A well regulated Militia, being necessary to the security of a free State, the right of the people to keep and bear Arms, shall not be infringed.
– The Second Amendment to the U.S. Constitution
Want to see a politician run away? Just say two little words: gun regulations.
The cowardly refusal by Congress earlier this year to limit assault rifles or to approve simple background checks for gun purchasers might have seemed like the last gasps of a dying movement to enact sensible gun laws.
But as a diversity of speakers at Indiana Tech made clear Friday, key questions on this highly emotional subject are far from settled.
It was the first symposium at Tech’s new state-of-the-art law school, and the scope was national. But Fort Wayne’s bitter harvest of gun-related deaths this fall gave the discussion more of the feel of a community meeting than of an academic conference.
Among the participants was former Mayor Paul Helmke, who headed the Brady Campaign to Prevent Gun Violence for five years.
Surprisingly, there was a particularly robust dissection of the intent and applications of 27 of the most parsed-over words in the U.S. Constitution – the Second Amendment.
The Supreme Court has wrestled with the nuances of the amendment only a few times, but that may be changing. A decision in 2008 in Washington, D.C., affirmed that individuals have the right to keep firearms in their homes for self-defense. And a 2010 decision that overturned Chicago’s ban on guns made it clear that local governments can’t supersede federal gun-rights safeguards.
Constitutional scholar Bill Merkel made it clear, though, that a ton of questions are left open. In the Washington case, the right established is defense of the home, said Merkel, an associate professor at the Charleston School of Law. But still undetermined are:
The scope of the right to carry weapons outside the home.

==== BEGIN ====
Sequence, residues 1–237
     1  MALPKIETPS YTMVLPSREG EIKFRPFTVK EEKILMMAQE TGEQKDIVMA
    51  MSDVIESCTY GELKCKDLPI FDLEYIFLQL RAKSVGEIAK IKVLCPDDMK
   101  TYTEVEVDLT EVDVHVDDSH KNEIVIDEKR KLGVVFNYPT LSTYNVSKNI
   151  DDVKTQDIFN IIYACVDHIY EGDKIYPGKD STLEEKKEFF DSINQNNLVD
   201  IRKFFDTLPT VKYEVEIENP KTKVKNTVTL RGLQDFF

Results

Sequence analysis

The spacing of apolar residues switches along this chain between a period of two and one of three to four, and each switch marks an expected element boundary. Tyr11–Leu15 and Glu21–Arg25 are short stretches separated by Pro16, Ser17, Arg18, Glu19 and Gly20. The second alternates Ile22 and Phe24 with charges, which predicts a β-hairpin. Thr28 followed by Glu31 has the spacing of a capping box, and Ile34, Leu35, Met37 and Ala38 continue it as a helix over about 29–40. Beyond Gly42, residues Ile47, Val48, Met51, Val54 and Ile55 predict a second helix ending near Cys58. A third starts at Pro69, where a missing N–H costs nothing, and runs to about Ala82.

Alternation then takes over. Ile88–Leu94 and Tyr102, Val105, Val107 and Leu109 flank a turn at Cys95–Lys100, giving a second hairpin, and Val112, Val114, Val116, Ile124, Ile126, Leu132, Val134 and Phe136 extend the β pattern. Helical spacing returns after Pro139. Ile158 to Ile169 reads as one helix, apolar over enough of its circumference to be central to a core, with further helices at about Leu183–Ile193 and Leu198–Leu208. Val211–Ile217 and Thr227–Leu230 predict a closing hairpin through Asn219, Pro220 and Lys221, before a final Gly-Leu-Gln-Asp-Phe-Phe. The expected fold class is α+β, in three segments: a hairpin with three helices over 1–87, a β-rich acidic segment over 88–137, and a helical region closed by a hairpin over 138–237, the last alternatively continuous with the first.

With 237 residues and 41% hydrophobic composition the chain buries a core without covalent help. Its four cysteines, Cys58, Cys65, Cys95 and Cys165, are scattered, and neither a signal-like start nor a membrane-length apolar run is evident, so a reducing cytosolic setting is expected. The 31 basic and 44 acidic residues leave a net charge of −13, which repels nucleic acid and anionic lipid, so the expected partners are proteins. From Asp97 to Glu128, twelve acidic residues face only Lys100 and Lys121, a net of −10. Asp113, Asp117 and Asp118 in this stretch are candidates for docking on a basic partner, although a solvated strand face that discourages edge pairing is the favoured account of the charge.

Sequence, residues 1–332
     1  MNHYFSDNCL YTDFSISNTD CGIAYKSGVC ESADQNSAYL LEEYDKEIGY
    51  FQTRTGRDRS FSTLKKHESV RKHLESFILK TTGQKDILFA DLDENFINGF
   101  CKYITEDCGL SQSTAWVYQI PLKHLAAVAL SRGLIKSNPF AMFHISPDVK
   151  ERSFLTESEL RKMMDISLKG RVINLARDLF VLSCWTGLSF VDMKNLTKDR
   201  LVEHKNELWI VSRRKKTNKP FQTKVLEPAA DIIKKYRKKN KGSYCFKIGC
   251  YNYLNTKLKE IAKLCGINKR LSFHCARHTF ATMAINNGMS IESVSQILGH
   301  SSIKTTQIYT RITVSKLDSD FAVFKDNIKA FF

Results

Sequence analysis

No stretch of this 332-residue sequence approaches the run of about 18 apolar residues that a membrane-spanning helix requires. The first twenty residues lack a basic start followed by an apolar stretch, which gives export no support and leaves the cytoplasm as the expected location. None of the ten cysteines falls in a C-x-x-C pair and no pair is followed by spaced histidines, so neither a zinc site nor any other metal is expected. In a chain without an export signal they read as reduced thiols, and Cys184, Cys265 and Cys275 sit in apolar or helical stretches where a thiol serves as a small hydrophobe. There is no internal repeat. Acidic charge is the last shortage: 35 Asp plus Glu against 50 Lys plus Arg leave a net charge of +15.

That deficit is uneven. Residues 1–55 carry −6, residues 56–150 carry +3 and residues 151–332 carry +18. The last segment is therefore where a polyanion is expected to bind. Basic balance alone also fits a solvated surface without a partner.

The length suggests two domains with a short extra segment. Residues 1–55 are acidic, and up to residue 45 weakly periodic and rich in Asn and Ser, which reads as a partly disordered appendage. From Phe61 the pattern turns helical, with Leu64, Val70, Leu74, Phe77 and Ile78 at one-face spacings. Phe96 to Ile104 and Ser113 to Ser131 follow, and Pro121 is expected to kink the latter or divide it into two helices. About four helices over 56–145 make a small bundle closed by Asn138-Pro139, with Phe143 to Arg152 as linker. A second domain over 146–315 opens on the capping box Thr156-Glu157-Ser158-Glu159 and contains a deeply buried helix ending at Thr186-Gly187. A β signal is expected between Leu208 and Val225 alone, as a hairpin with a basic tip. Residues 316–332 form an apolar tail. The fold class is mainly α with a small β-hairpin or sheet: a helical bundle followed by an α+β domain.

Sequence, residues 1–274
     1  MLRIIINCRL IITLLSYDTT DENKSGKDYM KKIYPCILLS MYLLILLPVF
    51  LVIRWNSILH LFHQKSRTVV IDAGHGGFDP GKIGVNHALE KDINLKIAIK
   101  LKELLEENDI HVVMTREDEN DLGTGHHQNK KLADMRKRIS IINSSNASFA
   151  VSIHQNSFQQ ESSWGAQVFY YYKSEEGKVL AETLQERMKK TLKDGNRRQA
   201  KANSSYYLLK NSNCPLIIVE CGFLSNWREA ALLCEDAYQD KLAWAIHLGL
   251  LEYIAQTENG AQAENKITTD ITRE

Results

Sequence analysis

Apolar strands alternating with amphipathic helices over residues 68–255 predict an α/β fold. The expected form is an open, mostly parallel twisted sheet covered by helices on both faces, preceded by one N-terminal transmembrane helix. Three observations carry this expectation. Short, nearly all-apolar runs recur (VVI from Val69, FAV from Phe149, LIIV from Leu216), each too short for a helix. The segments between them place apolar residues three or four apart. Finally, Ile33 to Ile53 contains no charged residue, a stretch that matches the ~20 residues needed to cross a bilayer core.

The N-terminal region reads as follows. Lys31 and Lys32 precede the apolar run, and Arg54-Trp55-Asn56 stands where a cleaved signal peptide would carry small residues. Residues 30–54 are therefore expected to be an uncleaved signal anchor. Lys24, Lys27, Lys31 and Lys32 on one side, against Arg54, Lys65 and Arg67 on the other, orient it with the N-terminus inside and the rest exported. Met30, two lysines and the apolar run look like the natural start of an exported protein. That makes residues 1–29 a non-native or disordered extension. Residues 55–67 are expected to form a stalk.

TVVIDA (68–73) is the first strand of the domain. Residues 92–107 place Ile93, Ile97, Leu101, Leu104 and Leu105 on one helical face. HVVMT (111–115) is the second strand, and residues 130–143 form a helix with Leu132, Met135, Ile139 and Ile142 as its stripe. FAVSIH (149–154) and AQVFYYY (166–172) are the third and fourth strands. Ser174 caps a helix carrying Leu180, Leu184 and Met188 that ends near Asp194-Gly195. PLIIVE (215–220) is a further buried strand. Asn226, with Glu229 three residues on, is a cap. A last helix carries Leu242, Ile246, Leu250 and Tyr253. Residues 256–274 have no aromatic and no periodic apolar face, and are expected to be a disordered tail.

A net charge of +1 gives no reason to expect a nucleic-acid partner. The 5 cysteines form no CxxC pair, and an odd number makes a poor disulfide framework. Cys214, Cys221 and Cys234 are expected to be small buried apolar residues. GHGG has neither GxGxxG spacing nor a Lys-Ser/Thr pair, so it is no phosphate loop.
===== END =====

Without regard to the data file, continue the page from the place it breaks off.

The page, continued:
Whether there is a limitation on the number of weapons a homeowner can own. Do you need a gun upstairs and downstairs? Merkel asked.
Is there a right to collect firearms, distinct from the right to bear weapons for self-defense?
That seems intuitively less fundamental, Merkel said.
Can communities or states require mandatory safety training, as Michigan, for example, now does for those who seek a concealed pistol license?
What about registration of firearms? Barring felons from owning guns? Barring weapons from public buildings and schools?
Nancy Marcus, Tech’s founding constitutional law professor, posed questions on a wholly different front.
She began with a video that showed individuals designing, making and firing 3-D plastic firearms that seemed every bit as deadly as traditional handguns and semi-automatic rifles.
Currently, the video’s narrator said, 3-D printers can produce every part of a gun except the firing pin and bullets. And, Marcus said, such printers now cost just $1,000 to $2,000.
Society hasn’t begun to catch up with this technology, she continued.
The metal in the firing pin may trigger some metal detectors, she said. But for the most part, they’re undetectable and untraceable.
Trying to stop plastic guns poses all kinds of rights questions.
Efforts to stop people from posting blueprints for making such weapons, she said, may run up against First Amendment guarantees of freedom of speech and freedom of the press.
Those issues defy easy solutions, as do many others dealt with in Friday’s sessions at the Tech law school. But the discussions were a valued reminder that the need to wrestle intelligently with gun regulations doesn’t go away just because lawmakers would rather not face it.